Spirituality for Today – Fall 2016 – Volume 21, Issue 2

A Rose Petal Dropping into the Grand Canyon

Sister Lou Ella Hickman, I.W.B.S.

A photo of the Grand Canyon.

"Sister Lou Ella, have you ever thought of writing a poem about Leah with the idea that the 'other woman' in your life is your sister?" Her other sage rabbinical advice during our conversation was, "Your midrash is just as good as anybody else's."

It was a birthday gift of sorts. My friend, Miriam, did not have to twist my arm too hard when she told me she wanted me to meet the female rabbinical student who would preside at the synagogue the week-end of my birthday. Ruth Langer would later go on to teach as a Professor of Jewish Studies in the Theology Department at Boston College as well work as the Associate Director of its Center for Christian-Jewish Learning Center. Our meeting was some thirty years ago; and like the Grand Canyon, some miracles can't be rushed.

I was also a theology student as I wanted to be an educated religious sister but also I wanted to have something to write about. Thanks to that theological education the rose petal falling into the Grand Canyon would be the simple tool of midrash.

So what in the world is this thing called "midrash?" I will let a dictionary do the talking for me, in this case, it is John McKenzie's Dictionary of the Bible. "…it is a meditation the sacred text or an imaginative reconstruction of the scene and episode narrated. Its goal is always the practical application to the present…"

The group of poems I shared with Rabbi Ruth some thirty plus years ago was just simply letting women of the Bible speak out of their own experience. After the number of women had grown to twenty-four personalities I sent the manuscript to various book publishers (in my utter greenness as a writer) with the obvious result: rejection. As a result, I set manuscript aside and over the years I published a number of the individual poems in various magazines. During that time, I came across the quote, "Publishing a book of poetry is like dropping a rose petal into the Grand Canyon." This was my cue to forget about book publishing.

The miracle of publication which had been sleeping in a dark drawer rose to possibility when I read about a call for poetry submissions. My poem was accepted and months later I opened the brown paper envelope to find After Shocks: Poetry of Recovery for Life-Shattering Events. Heaven: I was in the same company as two poets who had been U.S. Poet's Laureate, Rita Dove, Pulitzer Prize winner, and Donald Hall.

I kept in touch with the After Shocks' editor, Tom Lombardo, by e-mail; sending him suggestions where to market the book for which he was very grateful. I downloaded then printed out book description copies and hand delivered them to various libraries in town. My working relationship with Tom grew to the point where I decided it was time for a courtesy phone call. Sometime during our conversation, he asked if I had ever published a book of poems. I told him no but that I had planned to send him my manuscript much later, after the flurry of marketing the anthology had died down. When I told him the topic, he was very interested in what I had done, and the manuscript was in the mail the next morning. Months later an e-mail popped up. "I am now poetry editor at Press 53. Could you resend the manuscript?" I couldn't get to the post office fast enough. Tom responded some time later with his now famous "ruler" phone call. "You want how many more poems?" I squeaked out. "You can do this, Sister. Try for four or five. So don't make come down there with my ruler." The proverbial dam broke, I wrote and the manuscript was sent. Early in our relationship over these poems, Tom asked: "After Eve, who is the second woman named in the Bible?" This was another important spark for my writing.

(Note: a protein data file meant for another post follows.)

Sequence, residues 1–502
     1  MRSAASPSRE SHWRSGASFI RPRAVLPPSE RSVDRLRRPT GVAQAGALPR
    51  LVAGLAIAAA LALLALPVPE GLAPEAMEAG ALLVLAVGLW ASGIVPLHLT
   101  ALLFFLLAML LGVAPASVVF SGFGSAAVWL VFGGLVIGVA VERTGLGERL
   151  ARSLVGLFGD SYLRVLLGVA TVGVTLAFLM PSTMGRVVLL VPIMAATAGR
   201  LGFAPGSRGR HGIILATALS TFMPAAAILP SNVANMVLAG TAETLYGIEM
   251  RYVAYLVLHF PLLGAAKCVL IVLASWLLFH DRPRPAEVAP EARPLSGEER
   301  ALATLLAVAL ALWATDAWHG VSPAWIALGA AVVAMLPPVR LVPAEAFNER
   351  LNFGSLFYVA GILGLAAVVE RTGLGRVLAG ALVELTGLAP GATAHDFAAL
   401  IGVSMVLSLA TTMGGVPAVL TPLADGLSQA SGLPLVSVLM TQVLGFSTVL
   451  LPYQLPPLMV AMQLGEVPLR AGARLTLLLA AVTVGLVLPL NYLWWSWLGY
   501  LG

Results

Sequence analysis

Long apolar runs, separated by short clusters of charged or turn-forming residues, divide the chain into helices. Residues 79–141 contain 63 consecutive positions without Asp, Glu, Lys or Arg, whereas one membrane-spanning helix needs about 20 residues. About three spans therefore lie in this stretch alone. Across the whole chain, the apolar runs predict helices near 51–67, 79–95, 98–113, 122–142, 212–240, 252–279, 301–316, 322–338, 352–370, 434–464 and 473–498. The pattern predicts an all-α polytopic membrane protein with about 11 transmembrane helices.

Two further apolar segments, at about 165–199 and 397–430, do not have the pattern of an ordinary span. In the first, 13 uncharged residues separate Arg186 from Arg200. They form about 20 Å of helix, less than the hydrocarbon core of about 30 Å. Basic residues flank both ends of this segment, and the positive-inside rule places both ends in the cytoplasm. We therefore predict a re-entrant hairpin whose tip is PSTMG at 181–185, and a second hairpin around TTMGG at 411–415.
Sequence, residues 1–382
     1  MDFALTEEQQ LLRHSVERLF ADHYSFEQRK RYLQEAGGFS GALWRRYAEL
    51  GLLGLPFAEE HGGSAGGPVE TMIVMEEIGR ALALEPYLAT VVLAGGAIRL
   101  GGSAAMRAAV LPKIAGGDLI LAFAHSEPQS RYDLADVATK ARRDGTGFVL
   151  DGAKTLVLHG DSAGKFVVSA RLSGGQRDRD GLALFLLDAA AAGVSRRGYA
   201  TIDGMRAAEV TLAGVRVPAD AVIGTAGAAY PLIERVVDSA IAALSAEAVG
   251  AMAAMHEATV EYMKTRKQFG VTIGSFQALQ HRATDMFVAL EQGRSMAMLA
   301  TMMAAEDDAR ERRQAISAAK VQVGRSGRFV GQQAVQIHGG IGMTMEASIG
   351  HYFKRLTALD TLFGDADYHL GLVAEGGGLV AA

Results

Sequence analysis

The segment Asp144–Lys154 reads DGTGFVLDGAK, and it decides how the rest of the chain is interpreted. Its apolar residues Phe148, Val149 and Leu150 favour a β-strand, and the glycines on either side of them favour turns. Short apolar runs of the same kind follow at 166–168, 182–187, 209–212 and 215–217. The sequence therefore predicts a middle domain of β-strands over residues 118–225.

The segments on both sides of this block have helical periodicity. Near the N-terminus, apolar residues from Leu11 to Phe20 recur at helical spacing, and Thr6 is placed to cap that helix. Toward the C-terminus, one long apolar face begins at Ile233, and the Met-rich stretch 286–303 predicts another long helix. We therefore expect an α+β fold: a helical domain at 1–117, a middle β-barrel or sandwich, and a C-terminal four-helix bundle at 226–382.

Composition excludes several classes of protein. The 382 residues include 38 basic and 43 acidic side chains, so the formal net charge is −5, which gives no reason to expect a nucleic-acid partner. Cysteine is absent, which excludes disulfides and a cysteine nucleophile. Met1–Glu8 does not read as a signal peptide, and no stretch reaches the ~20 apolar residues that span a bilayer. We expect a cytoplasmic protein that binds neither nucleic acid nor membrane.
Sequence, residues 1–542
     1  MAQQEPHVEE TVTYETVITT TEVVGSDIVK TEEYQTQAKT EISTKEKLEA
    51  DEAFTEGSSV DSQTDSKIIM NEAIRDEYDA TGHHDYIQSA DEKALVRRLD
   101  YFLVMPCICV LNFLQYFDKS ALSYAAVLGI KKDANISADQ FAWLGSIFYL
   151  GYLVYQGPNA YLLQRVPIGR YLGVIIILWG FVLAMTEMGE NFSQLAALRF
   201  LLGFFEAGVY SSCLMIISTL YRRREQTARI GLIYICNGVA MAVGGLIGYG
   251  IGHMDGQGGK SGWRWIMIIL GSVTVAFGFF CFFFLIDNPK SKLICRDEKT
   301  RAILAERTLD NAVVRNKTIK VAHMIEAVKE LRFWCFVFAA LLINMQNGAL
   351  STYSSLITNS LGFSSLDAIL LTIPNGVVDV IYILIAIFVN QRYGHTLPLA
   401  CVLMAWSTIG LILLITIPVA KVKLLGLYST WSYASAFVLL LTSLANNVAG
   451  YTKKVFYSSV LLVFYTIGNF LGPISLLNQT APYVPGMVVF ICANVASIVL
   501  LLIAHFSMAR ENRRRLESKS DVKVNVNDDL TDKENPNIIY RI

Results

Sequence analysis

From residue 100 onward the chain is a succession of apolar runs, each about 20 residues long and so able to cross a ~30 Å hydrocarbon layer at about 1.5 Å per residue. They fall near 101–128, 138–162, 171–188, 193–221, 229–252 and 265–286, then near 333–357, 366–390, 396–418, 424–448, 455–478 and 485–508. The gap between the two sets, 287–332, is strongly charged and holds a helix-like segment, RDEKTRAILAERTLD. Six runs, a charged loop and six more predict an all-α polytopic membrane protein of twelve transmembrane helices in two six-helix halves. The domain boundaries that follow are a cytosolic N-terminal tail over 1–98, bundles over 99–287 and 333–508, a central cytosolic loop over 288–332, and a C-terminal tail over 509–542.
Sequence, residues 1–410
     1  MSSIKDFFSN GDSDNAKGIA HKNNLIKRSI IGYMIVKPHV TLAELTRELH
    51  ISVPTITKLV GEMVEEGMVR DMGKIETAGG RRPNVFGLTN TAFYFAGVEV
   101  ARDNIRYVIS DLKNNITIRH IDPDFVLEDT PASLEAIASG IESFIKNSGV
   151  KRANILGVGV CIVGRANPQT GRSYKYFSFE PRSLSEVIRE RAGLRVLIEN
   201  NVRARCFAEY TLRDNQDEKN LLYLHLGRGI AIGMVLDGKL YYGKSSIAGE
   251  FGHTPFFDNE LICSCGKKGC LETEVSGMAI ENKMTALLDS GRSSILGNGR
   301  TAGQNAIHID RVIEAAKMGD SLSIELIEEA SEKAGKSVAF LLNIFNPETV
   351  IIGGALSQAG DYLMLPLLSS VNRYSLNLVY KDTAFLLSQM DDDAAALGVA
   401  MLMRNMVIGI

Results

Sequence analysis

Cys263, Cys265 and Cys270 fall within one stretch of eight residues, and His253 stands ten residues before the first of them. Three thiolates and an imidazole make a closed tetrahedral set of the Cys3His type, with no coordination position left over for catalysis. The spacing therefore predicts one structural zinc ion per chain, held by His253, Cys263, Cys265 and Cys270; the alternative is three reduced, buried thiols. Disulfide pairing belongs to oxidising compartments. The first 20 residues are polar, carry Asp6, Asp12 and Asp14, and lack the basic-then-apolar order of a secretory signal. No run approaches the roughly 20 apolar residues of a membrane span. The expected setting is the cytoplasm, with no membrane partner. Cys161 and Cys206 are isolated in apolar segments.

Then came the "we need to talk about editing what would be a good time for you" e-mail. The planned one hour turned into three as we discussed needed corrections and possible deletions. When that was done, I made another trip to post office with the she: robed and wordless manuscript.

Many feminist Biblical scholars have voiced their anger that so few women appear in the storyline of the Scriptures. However, I contend they are there. Most are shy creatures but with a little coaxing of empathic imagination or midrash, they will come forward. Yet imagination does not have total free reign. Such gentle coaxing must also remain faithful to the text; nor is it a substitute for personal knowledge and research.

While the Bible is sacred literature, it is also a notoriously tight fisted text. I discovered it is more like a detective story with clues of who, what, when and where staring me right in my face. Thus, the need was not only one of research but also patient and frequent rereading of the text itself. Finally, my respect for the living and breathing text of the storyline helped me also discover questions such as: what kind of woman would have married the man in the parable of the prodigal son? Thus, midrash became the fertile soil out of which my ladies arose.

These scholars, no doubt, will either disagree with me on no uncertain terms or dismiss me outright. I am not really worried either way. After all, early in the miracle of my book, a rabbi told me my midrash was as good as anyone else's. And a female rabbi at that. Some thirty years later I have a miracle of feminine voices speaking out of their own experience–a poetic rendition of Biblical history. Theirs were the experiences that would not only help shape that history but would also lead up to and embrace another Rabbi who included women in His life and ministry.

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